In celebration of Short Stories: National Short Story Week post

This week is National Short Story week, no I didn’t know until a few weeks ago either; but I plan on celebrating! I love that short stories have a week dedicated to them because I love short stories; in my eyes they are just as valuable as novels and poetry and other forms of literature and they should not only be reserved for children, everyone should be able to access short stories. 

The short story is not obviously reserved for children with tales coming from people like Edgar Allen Poe and Oscar Wilde over the centuries but I do feel there are more for children than adults, though that is understandable as they are an easy go-to for bed time reading. 

Today as my celebration of short stories I wanted to share with just a few collections I have read and loved in  my time as a reader. Recently there has been Under My Hat, a collection of stories about witches published by Hot Key and featuring incredible authors like Neil Gaiman, Holly Black and Garth Nix. I loved that the theme of witches ran through the book but that every story was still different. 

Next up there was Blackberry Blue and other fairy tales by Jamila Gavin which was a collection from Tamarind, a Random House imprint, which explored fairy tales from other cultures rather than the ones already known so well in Britain. I loved glimpsing into a world that I wasn’t brought up with and the stories were incredible. While collaboration collections of short stories have you sampling a lot of different authors’ works, ones like this and The Kissing Game by Aidan Chambers give you an insight to one particular author and how varied their writing can be. The Kissing Game, published by Amulet, was possibly one of my favourite collections as it was written like flash fiction and I happen to be an admirer of that style of writing. 

I have a copy of a collection of Edgar Allen Poe’s stories and as you may well know he was a huge fan of short stories. He claimed that a story should always be able to be read in one sitting and whilst I have been known to do that with 400 page plus books on particularly quiet weekends, it is far easier with a story of just 30-40 pages! I love The Fall of the House of Usher and The Pit and the Pendulum, and love the sense of for boding you get from his work. 

Poe’s work is often put together in collections of gothic horror and mystery and what I love most about short stories is how you can piece different ones together, from different authors, and gather such a variety of books. Neil Gaiman’s work for example can be found in short stories ranging from the humorous for children to the deep fantasy for adults. Garth Nix not only featured in Under My Hat but also in Geektastic, not published in the UK but able to import from the US, which was an incredible collection of short stories written for geeks, about geeks, by geeky authors.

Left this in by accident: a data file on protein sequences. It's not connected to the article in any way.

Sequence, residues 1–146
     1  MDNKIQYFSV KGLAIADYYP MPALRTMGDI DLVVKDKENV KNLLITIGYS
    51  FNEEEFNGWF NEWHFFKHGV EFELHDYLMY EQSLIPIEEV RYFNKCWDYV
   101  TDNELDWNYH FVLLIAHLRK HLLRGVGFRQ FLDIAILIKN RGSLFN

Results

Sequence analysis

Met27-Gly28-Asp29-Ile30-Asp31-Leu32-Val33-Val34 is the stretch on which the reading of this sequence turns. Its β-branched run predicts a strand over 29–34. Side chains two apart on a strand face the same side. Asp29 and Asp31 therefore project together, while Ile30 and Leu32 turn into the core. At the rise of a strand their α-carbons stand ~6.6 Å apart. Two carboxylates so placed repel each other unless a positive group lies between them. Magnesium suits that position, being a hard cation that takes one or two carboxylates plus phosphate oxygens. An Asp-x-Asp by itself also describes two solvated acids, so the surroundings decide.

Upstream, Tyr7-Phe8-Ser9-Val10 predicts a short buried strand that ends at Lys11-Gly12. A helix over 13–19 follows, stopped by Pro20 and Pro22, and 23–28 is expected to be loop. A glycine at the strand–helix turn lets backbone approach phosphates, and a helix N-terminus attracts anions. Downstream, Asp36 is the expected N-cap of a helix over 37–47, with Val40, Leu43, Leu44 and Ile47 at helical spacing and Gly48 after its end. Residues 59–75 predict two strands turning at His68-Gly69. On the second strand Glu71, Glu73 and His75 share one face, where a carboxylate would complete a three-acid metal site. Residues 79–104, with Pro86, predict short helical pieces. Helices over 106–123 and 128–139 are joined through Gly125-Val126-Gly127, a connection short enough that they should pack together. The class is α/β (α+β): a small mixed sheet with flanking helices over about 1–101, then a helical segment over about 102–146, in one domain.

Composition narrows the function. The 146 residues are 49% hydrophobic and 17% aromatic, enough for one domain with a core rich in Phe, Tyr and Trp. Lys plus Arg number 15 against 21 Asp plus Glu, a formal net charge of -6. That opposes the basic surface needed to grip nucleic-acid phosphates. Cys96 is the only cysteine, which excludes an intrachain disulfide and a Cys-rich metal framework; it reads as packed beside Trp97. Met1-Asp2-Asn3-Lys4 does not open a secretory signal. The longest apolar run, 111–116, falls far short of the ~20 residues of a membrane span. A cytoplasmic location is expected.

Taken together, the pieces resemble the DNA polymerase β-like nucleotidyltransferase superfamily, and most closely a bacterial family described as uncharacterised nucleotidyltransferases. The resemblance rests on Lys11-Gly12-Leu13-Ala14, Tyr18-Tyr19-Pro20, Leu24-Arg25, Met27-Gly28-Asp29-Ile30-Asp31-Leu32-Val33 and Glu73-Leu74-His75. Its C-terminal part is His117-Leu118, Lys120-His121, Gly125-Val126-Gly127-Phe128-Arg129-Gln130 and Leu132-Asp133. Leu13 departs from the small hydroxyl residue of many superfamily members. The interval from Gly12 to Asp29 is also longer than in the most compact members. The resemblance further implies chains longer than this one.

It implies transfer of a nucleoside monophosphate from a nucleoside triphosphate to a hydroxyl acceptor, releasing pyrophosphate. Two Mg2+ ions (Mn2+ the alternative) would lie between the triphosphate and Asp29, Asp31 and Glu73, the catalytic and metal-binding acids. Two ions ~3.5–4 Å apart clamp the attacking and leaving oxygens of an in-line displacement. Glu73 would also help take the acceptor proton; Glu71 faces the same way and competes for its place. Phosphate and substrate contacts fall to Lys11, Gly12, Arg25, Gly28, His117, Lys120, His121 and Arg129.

Other collections I have known and loved include Christopher Priestley’s Tales of Terror series; a collection of short horror stories for the 9 to 12 age range from Bloomsbury and Truth and Dare; a series of edgy romance stories from well known YA romance writers including Luisa Plaja and Sarah Rees Brennan from Constable & Robinson. Short stories have the power to let authors give a glimpse of live for their secondary characters within novel series’ too and one such collection is Fallen in Love by Lauren Kate from Random House, which gives readers of the ‘Fallen’ series a chance to get a more personal feel for the characters who are in the background of Luce and Daniel’s story. 

Of course not all short stories come in collections and one book read last week for me would definitely be classed as a short story, but not one to be missed out on! Tinder by Sally Gardner, published by Indigo, was just 160 pages long and was based on another short story by Hans Christian Andersen, who was also famed for his short stories and poems. It was an incredible read and will be padded out in the finished version with incredible images by David Roberts. Another recently read was Raven Girl by Audrey Niffenegger which gave the impression of a fairy tale and was also interspersed with images from the author.

I think I sometimes have to be in the right mood for short stories but they do often help me out of reading ruts and give me the chance to sample new authors who I wouldn’t have otherwise experienced so you can understand just why I love them as much as I do. If you have limited experience with collections then I would definitely recommend reading some, you never know who you may find out about. 

If you want to know more about National Short Story Week you can do so by visiting the dedicate website here.

  • I had no idea it was National Short Story Week but that’s such a coincidence, because yesterday I posted a review of a short story/novella!

  • What a wonderful post to celebrate short story week! I really wanted to do something on my blog as well but couldn’t find the time. Next year maybe!